Cleveland, Oklahoma — population 3,200 — relies on a small reservoir southwest of town for its water.
StateImpact had never heard of the Garber-Wellington Aquifer. Neither had any of the half-dozen or so Oklahoma City residents we asked outside the Utilities Department downtown.
So no camping at Eufaula and Sardis Lakes, among many other recreation areas important to local economies.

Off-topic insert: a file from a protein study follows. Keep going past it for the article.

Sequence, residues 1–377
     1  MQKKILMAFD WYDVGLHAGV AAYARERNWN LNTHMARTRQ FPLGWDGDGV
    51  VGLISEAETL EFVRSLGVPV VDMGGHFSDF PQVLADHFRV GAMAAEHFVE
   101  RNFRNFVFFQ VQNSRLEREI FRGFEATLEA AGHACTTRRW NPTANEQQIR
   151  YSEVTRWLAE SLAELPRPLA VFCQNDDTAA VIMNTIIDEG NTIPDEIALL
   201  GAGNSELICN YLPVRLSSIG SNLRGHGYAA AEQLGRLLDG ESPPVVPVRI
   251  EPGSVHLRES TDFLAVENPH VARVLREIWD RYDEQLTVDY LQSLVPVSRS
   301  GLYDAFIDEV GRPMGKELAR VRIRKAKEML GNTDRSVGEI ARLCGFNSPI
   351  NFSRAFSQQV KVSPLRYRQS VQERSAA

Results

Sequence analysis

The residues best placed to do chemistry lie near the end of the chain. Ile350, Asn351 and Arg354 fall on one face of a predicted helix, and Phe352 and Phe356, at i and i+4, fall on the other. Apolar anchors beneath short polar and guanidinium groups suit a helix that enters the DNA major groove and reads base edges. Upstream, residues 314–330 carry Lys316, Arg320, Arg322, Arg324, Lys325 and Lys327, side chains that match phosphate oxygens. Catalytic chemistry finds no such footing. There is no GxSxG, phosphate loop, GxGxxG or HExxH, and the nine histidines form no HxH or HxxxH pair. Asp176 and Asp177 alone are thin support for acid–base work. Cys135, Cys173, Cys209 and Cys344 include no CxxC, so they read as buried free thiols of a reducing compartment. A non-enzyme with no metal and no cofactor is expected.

The parties have been negotiating outside of court since early 2012, and the case was stayed for a sixth time Sept. 17.
The Choctaw and Chickasaw tribes filed suit against the state more than two years ago, prompted by Oklahoma’s City’s attempt to pipe water northwest from Sardis Lake.
If the problems at the treatment plant aren’t addressed, Norman faces stiff fines of up to $10,000 per day to state Department of Environmental Quality.